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Chris Blocker

Literary snobbery and other thoughts by Chris Blocker

Review: Continental Drift

Continental Drift - Russell Banks

When I went to graduate school for writing, I learned that there are grad school books and authors. These are the authors or titles you likely have never heard of before entering an MFA program, but you're going to hear about them before they let you leave. During my two years there, no unknown name came up more than Russell Banks. Three of my four mentors highly pushed his work to me. Each pushing a different title (one mentor recommended two or three different titles). At the time, I did read The Sweet Hereafter, which I enjoyed somewhat, but Banks didn't grasp my attention enough to completely reel me in. It has been eight years since I read that novel, so I felt it was time to give Banks another shot. This time he certainly reeled me in.

I had to look back on my review of The Sweet Hereafter to recall why I didn't love it. Apparently, I thought Banks was ineffective at accurately giving voice to his characters. I find this surprising, because this was certainly not a problem in Continental Drift. I actually thought Banks did a marvelous job giving voice to his characters. Maybe that was the case with my first outing with Banks. Maybe I'm just a much different reader now.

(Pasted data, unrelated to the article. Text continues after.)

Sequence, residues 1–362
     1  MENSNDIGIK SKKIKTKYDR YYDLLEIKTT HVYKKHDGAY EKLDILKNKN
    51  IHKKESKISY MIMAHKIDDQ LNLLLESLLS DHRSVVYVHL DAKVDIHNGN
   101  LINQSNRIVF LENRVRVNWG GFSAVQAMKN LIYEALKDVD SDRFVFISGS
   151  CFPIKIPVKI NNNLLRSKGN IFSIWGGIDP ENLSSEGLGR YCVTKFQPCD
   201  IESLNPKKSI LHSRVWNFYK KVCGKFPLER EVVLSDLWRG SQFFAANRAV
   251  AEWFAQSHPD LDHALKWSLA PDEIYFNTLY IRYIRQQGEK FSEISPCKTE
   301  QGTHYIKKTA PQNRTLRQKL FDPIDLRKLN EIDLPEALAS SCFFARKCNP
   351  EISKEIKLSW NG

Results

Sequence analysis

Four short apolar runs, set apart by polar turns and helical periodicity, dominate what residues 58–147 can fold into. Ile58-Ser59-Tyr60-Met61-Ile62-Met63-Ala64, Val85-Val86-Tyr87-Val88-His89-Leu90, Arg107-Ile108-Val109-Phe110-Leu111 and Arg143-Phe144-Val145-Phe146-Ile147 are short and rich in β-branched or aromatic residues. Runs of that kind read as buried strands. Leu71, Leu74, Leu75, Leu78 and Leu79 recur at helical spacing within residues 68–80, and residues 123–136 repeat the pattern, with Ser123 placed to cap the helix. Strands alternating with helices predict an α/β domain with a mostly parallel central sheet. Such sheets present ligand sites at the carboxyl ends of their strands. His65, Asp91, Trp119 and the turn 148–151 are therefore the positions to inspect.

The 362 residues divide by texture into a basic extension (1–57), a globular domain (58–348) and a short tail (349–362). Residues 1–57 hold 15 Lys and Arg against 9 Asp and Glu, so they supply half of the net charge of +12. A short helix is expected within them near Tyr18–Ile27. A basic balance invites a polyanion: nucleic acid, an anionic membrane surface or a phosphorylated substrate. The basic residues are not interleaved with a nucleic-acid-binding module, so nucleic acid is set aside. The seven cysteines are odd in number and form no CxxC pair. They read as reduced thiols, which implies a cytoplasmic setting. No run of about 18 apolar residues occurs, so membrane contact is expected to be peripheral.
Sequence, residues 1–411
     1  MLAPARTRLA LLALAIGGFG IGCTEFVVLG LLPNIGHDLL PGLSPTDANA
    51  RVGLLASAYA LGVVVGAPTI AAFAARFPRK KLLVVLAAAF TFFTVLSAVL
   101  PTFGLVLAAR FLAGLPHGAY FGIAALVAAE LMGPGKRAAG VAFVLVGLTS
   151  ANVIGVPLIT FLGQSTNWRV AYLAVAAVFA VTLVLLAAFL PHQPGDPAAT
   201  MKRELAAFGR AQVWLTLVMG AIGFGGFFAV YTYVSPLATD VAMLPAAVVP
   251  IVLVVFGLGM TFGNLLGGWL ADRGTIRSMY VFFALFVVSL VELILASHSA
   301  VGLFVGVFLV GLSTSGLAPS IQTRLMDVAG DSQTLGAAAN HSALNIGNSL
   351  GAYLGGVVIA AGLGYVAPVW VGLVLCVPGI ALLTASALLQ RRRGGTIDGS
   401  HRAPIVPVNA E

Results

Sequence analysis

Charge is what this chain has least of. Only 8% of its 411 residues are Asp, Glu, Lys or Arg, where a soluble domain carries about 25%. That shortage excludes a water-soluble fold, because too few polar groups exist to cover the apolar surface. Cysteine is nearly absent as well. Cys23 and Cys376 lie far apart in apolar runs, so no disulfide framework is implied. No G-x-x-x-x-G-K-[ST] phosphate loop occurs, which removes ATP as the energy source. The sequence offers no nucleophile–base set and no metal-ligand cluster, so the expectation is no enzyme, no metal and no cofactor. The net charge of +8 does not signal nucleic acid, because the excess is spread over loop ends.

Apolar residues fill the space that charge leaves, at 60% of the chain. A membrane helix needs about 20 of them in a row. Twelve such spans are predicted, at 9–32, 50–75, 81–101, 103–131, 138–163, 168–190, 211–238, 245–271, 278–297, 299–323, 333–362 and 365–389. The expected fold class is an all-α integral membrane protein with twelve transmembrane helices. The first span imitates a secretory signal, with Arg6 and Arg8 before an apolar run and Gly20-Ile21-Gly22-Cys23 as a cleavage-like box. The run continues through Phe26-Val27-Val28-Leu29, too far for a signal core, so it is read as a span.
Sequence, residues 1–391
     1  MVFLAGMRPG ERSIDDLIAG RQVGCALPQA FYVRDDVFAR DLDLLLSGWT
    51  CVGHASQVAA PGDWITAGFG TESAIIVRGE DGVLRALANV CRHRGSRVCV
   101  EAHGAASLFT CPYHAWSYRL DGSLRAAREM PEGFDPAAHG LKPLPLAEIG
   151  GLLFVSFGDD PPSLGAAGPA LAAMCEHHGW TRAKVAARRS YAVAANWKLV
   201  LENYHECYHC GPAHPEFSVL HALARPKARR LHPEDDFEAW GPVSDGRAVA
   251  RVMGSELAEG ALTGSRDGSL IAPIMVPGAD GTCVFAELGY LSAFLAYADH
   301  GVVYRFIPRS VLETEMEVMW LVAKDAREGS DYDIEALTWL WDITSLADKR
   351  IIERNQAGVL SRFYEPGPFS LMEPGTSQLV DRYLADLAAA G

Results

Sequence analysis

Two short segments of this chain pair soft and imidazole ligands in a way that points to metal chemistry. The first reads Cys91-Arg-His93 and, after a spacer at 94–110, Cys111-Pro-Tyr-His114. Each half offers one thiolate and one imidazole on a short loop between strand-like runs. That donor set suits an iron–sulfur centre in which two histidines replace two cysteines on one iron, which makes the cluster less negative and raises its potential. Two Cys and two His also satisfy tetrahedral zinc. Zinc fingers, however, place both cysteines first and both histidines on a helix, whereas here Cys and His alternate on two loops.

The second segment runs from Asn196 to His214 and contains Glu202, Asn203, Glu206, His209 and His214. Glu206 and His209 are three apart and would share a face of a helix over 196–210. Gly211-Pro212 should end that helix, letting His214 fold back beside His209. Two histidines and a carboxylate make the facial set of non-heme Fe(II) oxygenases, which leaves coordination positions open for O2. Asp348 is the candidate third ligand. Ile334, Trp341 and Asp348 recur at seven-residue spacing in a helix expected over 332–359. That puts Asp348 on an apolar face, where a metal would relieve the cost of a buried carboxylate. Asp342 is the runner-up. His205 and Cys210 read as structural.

Continental Drift is one of the most—if not the single most—American novel I've ever read. It's the story of people from different backgrounds who are struggling to get ahead. Each believes there is hope in a dream that is unequivocally American. The strength of these characters and the believability Banks lends to their situations are two of the largest components to this novel's excellence. These are characters who genuinely believe they're good people despite the evidence to the contrary. This is the heart and soul of America.

This is a novel that can be disgusting, depressing, or offensive to its reader. It puts on display a cross-section of the American people, their selfish justification and their pompous dream. I've never heard Continental Drift among the list of contenders for the title of the Great American Novel, but I certainly believe there are few novels more American than this. Banks is an author I will assuredly return to.